It only happens to other people. But damn … it sure ain’t funny when it happens to you.

After queuing at the drop-off counter at the airport, the woman at the check-in counter asked where I was heading.

Alarm bells started going off in my head – was the website I booked through dodgy? I’m never sure when the air ticket is not booked directly with the airline, but through a third party provider.

She showed me my passport and I stopped breathing for a few seconds.

Sometimes, you get the dates wrong if the flight is past midnight. Some people forget their passports. A friend of mine managed to travel all the way to Europe on his wife’s passport before they realised the mistake. This was the days before digital coding and finger scanning were in place, and my friend did kinda have long hair so … (the immigration officer probably thought the passport picture looked much better).

Me? I didn’t get that far. I had smugly brought a passport, yes, and even checked that I had it in hand during the ride to the airport. But it turns out I had brought my son’s passport instead!

Visions of my entire holiday going down the drain floated before me. Forking out big bucks for a last minute one-way ticket; embarrassingly trudging back to office the next day; bawling my eyes out on the airport floor. None of them were pretty options.

But I had three hours in Singapore before my connecting flight to Zurich at 10.45pm, so if I could just make my way there somehow, there was still hope.

Assuming I could get someone to deliver my passport by 7pm, I begged the staff to allow me on the flight but she refused as it would be just 25 minutes before the flight took off.

The only other flight to Singapore was too late, at 11pm. She patched me through to the ticketing counter which was quite useless as all the person said was, “Sorry, no other flight. Dunno – go information counter.”

Grrrrr! Typical Malaysian attitude to service, I thought, fuming.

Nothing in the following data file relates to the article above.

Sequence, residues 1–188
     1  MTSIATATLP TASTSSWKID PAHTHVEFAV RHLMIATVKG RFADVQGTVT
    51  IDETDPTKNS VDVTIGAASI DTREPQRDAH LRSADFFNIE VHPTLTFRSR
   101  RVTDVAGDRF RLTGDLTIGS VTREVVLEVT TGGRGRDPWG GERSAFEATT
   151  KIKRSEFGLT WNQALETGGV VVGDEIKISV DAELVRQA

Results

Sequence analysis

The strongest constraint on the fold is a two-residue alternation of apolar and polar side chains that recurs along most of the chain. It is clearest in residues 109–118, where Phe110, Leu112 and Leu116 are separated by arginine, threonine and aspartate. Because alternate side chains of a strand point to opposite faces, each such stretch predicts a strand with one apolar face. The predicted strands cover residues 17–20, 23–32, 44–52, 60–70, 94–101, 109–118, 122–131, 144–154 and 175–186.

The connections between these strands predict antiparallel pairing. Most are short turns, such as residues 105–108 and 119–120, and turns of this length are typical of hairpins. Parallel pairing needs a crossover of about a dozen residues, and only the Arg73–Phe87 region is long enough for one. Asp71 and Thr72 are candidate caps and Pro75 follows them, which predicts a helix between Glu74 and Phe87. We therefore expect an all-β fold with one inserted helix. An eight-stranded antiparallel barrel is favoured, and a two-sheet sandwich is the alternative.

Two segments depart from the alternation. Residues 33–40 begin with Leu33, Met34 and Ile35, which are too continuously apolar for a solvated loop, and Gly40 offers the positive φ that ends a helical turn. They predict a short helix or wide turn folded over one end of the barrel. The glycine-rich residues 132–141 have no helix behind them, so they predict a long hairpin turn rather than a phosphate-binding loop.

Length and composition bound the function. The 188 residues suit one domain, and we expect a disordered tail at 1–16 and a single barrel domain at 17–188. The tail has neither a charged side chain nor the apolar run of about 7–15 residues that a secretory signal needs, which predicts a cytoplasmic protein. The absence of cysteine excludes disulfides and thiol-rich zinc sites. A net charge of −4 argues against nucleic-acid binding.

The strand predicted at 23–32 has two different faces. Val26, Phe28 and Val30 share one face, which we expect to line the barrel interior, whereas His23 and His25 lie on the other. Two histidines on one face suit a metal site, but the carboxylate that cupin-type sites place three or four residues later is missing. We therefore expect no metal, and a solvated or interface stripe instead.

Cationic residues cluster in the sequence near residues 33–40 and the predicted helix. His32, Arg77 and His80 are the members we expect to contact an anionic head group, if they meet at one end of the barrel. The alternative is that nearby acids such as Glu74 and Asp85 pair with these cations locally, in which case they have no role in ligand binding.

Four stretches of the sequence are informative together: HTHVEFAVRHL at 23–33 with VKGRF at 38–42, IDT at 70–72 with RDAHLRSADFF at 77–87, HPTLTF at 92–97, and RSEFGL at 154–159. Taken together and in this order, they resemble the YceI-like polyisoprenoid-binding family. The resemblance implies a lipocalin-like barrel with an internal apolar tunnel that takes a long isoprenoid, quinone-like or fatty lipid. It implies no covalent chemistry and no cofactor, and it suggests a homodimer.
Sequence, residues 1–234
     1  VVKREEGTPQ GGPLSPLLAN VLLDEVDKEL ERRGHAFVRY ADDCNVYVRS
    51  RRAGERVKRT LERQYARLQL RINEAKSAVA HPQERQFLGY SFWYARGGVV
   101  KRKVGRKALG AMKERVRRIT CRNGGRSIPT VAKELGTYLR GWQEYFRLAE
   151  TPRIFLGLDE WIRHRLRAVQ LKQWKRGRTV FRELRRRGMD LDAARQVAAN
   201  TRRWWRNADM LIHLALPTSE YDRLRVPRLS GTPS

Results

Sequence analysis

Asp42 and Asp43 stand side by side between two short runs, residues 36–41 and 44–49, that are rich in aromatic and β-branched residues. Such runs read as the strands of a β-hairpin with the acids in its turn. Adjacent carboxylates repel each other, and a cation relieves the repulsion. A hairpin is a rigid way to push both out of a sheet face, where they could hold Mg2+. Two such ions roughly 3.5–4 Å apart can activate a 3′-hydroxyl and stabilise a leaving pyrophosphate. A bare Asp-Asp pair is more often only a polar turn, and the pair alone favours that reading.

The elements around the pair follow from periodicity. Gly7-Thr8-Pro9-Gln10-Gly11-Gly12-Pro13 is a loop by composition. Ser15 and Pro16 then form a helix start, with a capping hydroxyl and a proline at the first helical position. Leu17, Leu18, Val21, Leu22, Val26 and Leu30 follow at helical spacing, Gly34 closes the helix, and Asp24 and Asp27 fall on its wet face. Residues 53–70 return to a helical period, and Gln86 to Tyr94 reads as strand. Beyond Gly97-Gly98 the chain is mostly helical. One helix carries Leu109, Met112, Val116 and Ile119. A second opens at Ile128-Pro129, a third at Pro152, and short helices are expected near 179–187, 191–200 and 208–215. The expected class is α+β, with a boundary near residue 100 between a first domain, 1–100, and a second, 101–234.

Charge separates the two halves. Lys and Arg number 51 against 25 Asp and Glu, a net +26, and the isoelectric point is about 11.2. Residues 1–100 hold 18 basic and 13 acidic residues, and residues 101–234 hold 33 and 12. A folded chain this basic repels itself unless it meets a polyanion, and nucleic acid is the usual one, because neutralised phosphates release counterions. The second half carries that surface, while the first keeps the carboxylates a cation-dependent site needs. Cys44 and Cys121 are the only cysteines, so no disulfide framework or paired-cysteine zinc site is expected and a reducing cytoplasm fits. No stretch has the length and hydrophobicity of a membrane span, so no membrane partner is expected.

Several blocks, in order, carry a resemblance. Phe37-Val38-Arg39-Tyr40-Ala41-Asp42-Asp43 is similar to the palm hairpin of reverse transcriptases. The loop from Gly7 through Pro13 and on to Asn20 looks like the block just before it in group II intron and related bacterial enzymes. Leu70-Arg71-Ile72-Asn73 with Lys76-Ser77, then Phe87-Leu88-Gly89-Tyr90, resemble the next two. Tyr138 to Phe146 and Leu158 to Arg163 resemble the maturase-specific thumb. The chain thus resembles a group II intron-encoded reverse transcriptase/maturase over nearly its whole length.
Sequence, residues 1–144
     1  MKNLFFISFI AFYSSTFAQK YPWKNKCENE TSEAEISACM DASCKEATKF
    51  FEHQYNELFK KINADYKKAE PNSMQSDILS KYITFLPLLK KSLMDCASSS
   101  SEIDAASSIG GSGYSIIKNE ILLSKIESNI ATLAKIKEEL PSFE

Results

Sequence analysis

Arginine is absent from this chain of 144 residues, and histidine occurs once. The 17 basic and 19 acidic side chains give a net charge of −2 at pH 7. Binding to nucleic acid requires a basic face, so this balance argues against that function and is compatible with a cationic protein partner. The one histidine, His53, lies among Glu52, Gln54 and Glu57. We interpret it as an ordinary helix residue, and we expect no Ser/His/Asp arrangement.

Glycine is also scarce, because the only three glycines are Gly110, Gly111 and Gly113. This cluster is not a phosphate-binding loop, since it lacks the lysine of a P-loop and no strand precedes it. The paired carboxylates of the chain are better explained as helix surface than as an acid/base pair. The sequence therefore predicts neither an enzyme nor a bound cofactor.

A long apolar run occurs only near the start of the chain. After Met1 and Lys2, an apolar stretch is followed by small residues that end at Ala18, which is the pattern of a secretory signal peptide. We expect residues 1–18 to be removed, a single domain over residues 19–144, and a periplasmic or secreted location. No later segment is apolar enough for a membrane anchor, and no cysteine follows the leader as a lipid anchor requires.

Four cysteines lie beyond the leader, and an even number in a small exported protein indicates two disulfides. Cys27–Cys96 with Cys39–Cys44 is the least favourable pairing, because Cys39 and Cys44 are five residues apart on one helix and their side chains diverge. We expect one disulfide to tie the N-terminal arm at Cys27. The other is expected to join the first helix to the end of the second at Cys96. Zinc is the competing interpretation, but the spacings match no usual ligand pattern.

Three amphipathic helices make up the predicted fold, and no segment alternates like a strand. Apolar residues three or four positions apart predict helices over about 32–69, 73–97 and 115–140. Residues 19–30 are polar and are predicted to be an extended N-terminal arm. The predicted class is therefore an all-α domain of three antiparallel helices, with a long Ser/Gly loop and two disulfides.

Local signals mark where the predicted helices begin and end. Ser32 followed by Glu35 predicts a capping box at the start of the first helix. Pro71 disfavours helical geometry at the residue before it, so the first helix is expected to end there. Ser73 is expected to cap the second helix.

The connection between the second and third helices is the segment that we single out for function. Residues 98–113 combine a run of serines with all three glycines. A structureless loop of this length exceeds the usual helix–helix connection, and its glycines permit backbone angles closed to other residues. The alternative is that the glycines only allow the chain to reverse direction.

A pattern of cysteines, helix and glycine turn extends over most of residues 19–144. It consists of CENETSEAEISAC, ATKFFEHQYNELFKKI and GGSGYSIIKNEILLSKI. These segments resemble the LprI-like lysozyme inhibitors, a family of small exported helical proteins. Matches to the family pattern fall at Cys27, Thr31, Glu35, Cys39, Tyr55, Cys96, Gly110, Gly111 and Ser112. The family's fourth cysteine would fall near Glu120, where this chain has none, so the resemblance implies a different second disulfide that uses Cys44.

Thank God, it was a world of difference at the information counter. Nurul, bless her, found no other Malaysia Airlines flight, BUT checked for alternatives. She found Malindo Air which was leaving at 7.40pm, just 15 minutes later than my original flight. She made the necessary checks to ensure the connecting flight was possible and made calls to ensure that my second sector would not be cancelled (as I had checked-in online and since the first sector was no show, normally the airlines would have cancelled the whole journey).

On top of all that, she personally walked me over to MAS and Malindo Air counters to explain my situation so that I could purchase a new ticket and check in. I thanked her profusely and she told me to thank Malindo’s staff instead for being on standby.

Indeed, I am truly grateful to them for waiting, with just about enough time for me to get my passport through and run to the gates just as they were about to board.

Getting my passport was another miracle as I had called my BFF’s husband, Kok Hin, who happened to be home. Being the aspiring F1 driver that he is, he sped to my home, grabbed the right passport from my son, and dashed to KLIA, arriving within the hour despite the rain and traffic jam!

However, I wasn’t home-free yet.

Did someone sign me up on Amazing Race and forgot to tell me? In Singapore, I had to get through the Immigration; collect my luggage; and then, check in again to Swiss as Malindo couldn’t send my bag through to my final destination. I ran for 20 minutes with luggage in tow from Terminal 3 to Terminal 2, catching the train ride in between, only to find the MAS counter closed.

I was closed to tears and begged for someone, anyone, to help me – surely, I hadn’t come so far for this?

I was told to go to MAS’ office and once there, I saw them leaving for the day – it was already 9.15pm. One gentleman saw my distressed state, and how I was huffing and puffing so badly I looked like I was having an asthma attack and heart attack, both at the same time. He checked and said I had more than an hour to go before my connecting flight so the counter should still be open.

He assured me I needn’t run anymore and took me to the right counter. After checking in my bag, I was FINALLY on my way.

If you’re ever in the same boat one day, here’s what you could do:

No. 1: Get the ticketing staff to help with another flight to your destination.

No. 2: If you’ve missed your flight but already checked-in, inform the airline staff to get your luggage out.

No. 3: In case you can still travel, ensure your baggage is checked in correctly as it can easily get lost after all the confusion.

No. 4: Reconfirm with the airlines so that they don’t cancel your other flight sectors, especially the return journey.

No. 5: If it was the airlines’ fault that you missed the flight, check if your insurance covers this.

What a rousing start to my big fat Spanish adventure, but that’s a different story.

Again, a huge THANK YOU to Nurul from MAS and to Malindo for going the extra mile, and Kok Hin, my passport saviour! Now I can look back and laugh, but this is one experience I wish you never have to go through!


Missed a flight and live to tell? Share your tale with star2@thestar.com.my